Alnham : The ‘Waste’
Norton’s map of 1619 shows a corridor of waste or common leading out of the west end of the village, providing the community with access to its plentiful resources of upland grazing on the moors to the north and west. The township’s ‘waste’ stretched well beyond the watershed of the Aln over into the Breamish valley and incorporated the entire south side of that valley above Alnhammoor. By the early 17th century the latter was no longer the site of a separate township community, Alnhamsheles, as it had been in the 13th century, but was simply a single farmstead.
A track, named ‘Kirke Waye’, ran northward across the moors to reach the outlying farmsteads and demesne grounds of Leafield, Cobden and Alnham Moor. The route was marked by two crosses, Lang Cross and Cobden Cross, depicted on the map of 1619.
No trace has survived of either of these crosses in situ, but three socketted cross bases, one of which is c. 2ft (c. 0.6m) high, are preserved in Alnham churchyard. These are said to have been removed from the side of roads and hill tracks in the parish (NCH XIV (1935), 569) and one or two may derive from the locations shown on the 1619 map. In 1825 one of these was in the churchyard and another was standing by the roadside not far away.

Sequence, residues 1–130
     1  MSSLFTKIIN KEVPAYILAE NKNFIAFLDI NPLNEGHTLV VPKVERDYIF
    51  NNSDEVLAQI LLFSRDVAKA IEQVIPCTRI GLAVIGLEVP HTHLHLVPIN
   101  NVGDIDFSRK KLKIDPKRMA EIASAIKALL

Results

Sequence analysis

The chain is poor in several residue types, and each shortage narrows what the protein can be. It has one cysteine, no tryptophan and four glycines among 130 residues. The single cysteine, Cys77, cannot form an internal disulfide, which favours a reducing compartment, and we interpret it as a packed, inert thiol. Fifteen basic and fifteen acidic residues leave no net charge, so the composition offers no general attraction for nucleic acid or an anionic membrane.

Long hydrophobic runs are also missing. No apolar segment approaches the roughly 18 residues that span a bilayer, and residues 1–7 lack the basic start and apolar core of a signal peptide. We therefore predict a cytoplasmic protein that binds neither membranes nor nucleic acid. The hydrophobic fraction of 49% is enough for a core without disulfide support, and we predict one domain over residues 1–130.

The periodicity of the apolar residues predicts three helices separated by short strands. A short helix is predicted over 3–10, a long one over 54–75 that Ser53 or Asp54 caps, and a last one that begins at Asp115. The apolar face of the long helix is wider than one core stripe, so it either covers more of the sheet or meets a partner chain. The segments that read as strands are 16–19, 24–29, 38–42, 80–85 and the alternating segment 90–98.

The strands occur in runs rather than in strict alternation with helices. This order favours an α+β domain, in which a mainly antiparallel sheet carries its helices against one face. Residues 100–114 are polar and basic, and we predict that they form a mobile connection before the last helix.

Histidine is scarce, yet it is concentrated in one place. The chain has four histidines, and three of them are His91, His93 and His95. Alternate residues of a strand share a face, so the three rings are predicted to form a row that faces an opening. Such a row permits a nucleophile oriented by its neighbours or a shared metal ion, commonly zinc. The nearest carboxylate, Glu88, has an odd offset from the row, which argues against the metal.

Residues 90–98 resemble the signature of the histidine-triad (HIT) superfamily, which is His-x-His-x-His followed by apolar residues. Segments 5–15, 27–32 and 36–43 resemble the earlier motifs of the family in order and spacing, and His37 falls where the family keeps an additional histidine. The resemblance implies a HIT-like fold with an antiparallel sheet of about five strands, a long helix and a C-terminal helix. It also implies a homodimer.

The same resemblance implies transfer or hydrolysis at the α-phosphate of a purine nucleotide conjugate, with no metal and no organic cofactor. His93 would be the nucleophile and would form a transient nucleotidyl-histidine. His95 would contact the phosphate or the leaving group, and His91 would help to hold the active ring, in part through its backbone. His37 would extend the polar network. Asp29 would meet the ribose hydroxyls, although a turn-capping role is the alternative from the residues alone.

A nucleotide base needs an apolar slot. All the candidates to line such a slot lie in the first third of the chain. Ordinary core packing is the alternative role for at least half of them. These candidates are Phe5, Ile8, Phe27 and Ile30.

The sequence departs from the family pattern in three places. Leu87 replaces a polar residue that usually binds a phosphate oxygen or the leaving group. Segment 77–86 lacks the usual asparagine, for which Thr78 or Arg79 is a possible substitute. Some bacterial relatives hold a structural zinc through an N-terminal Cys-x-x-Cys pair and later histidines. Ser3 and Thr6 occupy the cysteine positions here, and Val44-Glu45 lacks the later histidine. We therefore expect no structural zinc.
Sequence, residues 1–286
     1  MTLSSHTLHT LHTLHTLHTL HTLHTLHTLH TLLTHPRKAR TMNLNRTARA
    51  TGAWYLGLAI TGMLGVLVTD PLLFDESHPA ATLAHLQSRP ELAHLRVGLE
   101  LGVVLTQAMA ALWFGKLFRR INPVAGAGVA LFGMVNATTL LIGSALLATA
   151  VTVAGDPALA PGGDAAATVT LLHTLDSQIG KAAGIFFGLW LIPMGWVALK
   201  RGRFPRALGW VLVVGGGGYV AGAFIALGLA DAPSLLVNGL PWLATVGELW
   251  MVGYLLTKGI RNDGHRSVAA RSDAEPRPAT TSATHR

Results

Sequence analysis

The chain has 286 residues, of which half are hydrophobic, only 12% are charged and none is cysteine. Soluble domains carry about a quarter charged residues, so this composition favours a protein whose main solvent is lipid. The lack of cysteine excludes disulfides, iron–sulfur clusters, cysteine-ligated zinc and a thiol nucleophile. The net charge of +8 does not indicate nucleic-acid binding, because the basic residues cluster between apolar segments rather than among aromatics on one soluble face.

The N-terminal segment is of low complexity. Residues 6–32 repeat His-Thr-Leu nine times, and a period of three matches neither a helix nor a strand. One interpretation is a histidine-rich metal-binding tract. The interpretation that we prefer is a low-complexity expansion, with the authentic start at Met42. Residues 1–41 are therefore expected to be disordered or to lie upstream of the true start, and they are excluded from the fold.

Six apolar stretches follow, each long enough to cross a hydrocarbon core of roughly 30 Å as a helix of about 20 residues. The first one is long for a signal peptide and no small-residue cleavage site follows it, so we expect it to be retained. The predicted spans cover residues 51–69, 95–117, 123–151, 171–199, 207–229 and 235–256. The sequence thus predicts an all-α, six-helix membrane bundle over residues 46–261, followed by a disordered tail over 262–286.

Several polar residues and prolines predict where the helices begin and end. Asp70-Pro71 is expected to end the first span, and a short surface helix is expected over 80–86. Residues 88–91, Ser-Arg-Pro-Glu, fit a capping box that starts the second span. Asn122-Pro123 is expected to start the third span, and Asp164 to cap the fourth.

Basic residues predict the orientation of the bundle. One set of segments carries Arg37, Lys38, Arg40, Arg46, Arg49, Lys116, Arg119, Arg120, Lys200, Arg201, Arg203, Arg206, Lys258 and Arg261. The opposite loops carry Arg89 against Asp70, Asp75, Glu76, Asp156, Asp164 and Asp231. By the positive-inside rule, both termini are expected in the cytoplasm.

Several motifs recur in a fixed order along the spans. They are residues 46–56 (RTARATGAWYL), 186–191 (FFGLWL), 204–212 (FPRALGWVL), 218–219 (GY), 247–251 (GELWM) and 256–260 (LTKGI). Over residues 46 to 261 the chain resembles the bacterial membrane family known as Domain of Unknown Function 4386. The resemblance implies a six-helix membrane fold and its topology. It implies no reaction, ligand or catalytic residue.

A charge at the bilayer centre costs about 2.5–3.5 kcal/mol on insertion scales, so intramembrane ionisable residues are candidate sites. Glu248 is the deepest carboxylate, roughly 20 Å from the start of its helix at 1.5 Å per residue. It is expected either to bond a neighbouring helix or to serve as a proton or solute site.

The corridor was also the route taken by the Salters’ Road, which led from the saltpans of the Northumberland coast through Rothbury to Alnham and then heading north westward across the moors to follow the upper course of the Breamish before eventually linking up with one of the major cross-border routes, Clennell Street, ‘the great road of Yarnspeth’ in medieval charters.
Salters’ Road was also one of many routes used by drovers who moved large cattle from Scotland to the markets of England in the period between in the 17th century when peaceful conditions returned and the early 19th century when enclosure, turnpikes and finally the advent of the railways put a stop to this remarkable traffic. Where the ‘road’ negotiated the steep hillside, northwest of the village, the numerous holloways created by the packhorses and livestock are still very evident today and can be seen clearly on the aerial photographs.